Kerry “Jason” Webb, 37, was a long-time employee at an air compressor company. Angelina “Angel” Torrey, 25, was a chiropractor’s assistant. He was the primary caregiver for a teenage girl, the daughter of an ex-girlfriend, and she had stepped up into the stepmother role for the past three years. The pair were killed in a drunk driving accident earlier this month when their motorcycle was hit head on by a Lexus SUV driven by a man with two prior DUI convictions.
The driver of the SUV fled the scene and was found at his home by law enforcement less than a half mile from the scene of the accident. Police administered a blood test, field sobriety tests, and breathalyzer tests and determined that he was under the influence.
It’s a story that highlights the flaws in the system when it comes to protecting the public from drivers who are under the influence. The driver of the SUV had a history not only of DUI but also of assault that spanned almost 15 years.
Sargent Steve Gaskins is a spokesperson for the Florida Highway Patrol. He said: “He’s obviously someone who has an alcohol problem and has no problem getting behind the wheel, and now he has killed two people.”
The driver’s history of DUI goes back to 2004, when he was just 19. Florida records show that he pleaded guilty and was ordered to attend DUI school and got six months’ probation. His next arrest – in Florida, at least – wasn’t until 2013 when he was found asleep and nonresponsive at the wheel at an intersection. He pleaded no contest to DUI, got a year’s probation this time around, and was required to install an ignition interlock device on his car for that period of time.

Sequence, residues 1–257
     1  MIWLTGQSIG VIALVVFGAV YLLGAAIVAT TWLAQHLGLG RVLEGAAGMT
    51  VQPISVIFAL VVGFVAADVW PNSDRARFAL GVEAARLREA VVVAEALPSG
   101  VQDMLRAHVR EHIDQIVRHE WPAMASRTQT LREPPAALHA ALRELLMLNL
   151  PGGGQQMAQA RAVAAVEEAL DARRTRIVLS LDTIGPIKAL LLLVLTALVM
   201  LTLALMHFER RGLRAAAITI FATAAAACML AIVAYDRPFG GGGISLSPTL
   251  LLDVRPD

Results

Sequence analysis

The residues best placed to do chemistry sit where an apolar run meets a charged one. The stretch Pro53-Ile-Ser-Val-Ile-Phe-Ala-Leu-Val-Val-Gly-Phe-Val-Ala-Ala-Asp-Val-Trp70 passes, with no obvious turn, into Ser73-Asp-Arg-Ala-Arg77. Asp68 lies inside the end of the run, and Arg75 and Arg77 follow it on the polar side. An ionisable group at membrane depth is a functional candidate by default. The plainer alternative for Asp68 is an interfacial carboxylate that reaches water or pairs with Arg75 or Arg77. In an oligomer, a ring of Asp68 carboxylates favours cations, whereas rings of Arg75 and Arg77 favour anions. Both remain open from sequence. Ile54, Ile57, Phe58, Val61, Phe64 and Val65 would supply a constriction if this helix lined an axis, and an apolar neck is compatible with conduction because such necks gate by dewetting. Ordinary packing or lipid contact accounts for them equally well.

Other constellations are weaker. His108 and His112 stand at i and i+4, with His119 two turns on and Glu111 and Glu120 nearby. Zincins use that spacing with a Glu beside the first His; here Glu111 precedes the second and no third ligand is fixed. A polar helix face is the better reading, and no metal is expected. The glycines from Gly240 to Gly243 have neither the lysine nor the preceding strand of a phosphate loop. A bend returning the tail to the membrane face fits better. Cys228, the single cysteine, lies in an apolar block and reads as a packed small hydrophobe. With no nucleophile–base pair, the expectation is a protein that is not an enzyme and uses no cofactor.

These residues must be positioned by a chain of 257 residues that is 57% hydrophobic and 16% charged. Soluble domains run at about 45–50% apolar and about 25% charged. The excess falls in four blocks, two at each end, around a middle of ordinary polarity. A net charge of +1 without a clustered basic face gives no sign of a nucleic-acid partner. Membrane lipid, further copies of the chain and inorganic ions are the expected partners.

In 2016, he was charged with misdemeanor domestic battery, and a 2017 domestic violence complaint describes him as an aggressive person who regularly abuses alcohol. Over the past six months, he was charged with careless driving, disorderly conduct, and possession of a controlled substance without a prescription.
It’s clear that the driver had a number of issues, many of them likely stemming from or related to an alcohol use disorder. At each point of interception by law enforcement, he was given the consequences that are outlined in the law, but clearly it was not enough to stop him from taking the lives of two people.
Part of the issue may stem from the length of time between charges. The 2004 charge and the 2013 charge were so far apart, that it may not have seemed like a chronic problem. Additionally, he appears to have upheld the six-month and 12-month probations without issue, and the domestic violence and disturbance charges did not focus on alcohol use, though it was indicated in reports. For a system overrun with cases such as these, it is hard to guess what the outcome might be or to be proactive in addressing the worst possible risks before it happens. While it is clear that the tragedy of deaths caused by drunk drivers is horrific, what is not clear is what changes should be made to stop repeat offenders from taking lives in the future.
What Do You Think?
The driver of the SUV was arrested on his third count of driving under the influence, two counts of leaving the scene of an accident involving a death, and two counts of DUI manslaughter. Up until the night of the accident, his run-ins with the law had been comparatively minimal and spread out over almost 15 years. Many assume that the man likely drove while under the influence far more frequently than is noted in his record and that an increased police presence and checkpoints on the roads could have identified him as a repeat offender far earlier. Others say that treatment of some kind or periodic check-ins with a probation officer over the years following the initial probation period may have helped to identify an alcohol use disorder that required treatment and that connection with treatment services is a necessary response in every case, including first offenses.
What do you think could have been done to prevent this tragedy, if anything? What measures can be taken going forward to stop senseless deaths caused by repeat DUI offenders?